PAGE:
The Law

Policy Wording Puts Insurer on the Hook for Insured’s TCPA Violation

U.S. Bus Charter & Limo Inc. sent advertisement text messages to potential customers, violating TCPA laws. Now, its insurer faces $50 million in settlement fees.
By: | June 1, 2018

U.S. Bus Charter & Limo Inc. (U.S. Coachways) decided to use the power of technology to communicate with potential customers. It sent text messages promoting deals on both bus and limousine rentals, in hopes of sparking business.


Unfortunately, the recipients of these texts found them to be in violation of the Telephone Consumer Protection Act (TCPA), which restricts solicitations like telemarketing and the use of automated telephone equipment. The recipients filed a class action suit against U.S. Coachways.

During the period the messages were sent, from December 2013 through April 2014, the rental service held a professional liability policy with Illinois Union Insurance Company.

U.S. Coachways notified its insurer of the class action, seeking indemnification under the policy. Illinois Union denied coverage, stating its policy did not cover TCPA wrongdoings.

Meanwhile, U.S. Coachways agreed to a settlement of nearly $50 million after the judge determined the messages were in violation of the TCPA.

As part of the agreement, U.S. Coachways assigned the class its right to challenge Illinois Union’s denial of coverage.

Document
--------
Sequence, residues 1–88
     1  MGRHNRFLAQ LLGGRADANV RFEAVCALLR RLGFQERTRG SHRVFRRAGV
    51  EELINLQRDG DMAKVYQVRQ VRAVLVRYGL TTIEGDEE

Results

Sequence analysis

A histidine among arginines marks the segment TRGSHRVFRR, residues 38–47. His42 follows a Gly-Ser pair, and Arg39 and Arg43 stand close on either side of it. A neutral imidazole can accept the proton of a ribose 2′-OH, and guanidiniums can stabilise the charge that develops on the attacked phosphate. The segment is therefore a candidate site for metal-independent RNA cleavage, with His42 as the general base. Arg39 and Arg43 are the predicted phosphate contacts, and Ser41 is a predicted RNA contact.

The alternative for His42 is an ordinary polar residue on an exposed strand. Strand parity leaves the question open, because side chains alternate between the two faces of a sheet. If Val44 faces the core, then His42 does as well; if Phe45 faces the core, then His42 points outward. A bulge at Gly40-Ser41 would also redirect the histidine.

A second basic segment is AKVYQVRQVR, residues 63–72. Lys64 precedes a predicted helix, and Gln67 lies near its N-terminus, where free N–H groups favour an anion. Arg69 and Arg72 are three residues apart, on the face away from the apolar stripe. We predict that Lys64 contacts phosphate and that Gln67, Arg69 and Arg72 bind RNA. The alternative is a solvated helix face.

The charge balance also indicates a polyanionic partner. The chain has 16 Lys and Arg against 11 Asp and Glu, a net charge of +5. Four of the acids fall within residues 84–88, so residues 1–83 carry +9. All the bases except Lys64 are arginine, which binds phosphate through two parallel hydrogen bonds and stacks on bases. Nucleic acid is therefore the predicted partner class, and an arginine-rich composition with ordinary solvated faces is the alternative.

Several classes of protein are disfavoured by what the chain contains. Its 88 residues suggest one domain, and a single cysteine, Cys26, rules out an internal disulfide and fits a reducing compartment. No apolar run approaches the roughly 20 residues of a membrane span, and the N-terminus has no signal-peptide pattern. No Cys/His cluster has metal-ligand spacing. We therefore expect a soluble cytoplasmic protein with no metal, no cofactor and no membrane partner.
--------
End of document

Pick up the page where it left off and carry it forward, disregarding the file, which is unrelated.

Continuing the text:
Illinois Union was proactive in its defense, suing both the class and U.S. Coachways and seeking a declaration its policy didn’t cover the settlement. James Bull, a named person in the class action, motioned for partial summary judgment.

In court, the policy was under scrutiny. A clause called the “Travel Agency Operations” provision stated advertisements “necessary or incidental to the conduct of travel agency business” as “attempted procurement for a fee or commission of travel, lodging or guided tour accommodations” were covered.

Illinois Union argued that, while the policy may state such ads were covered, the texts U.S. Coachways used were not “for others” or “for a fee.” The court didn’t budge. It concluded the policy covered TCPA violations. Bull’s motion for partial summary judgment was granted.

Scorecard: The policy language, while not explicitly covering or excluding TCPA violations, was found to say in as many words it did cover TCPA violations. Illinois Union is responsible for the underlying suit.

Takeaway: Vague or non-specific policy language can leave an insurer scrambling. It’s best to name any exclusions within the policy so that there is no ambiguity or confusion on the insured’s side. &

Autumn Heisler is the digital producer at Risk & Insurance®. She can be reached at [email protected]

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The R&I Editorial Team can be reached at [email protected]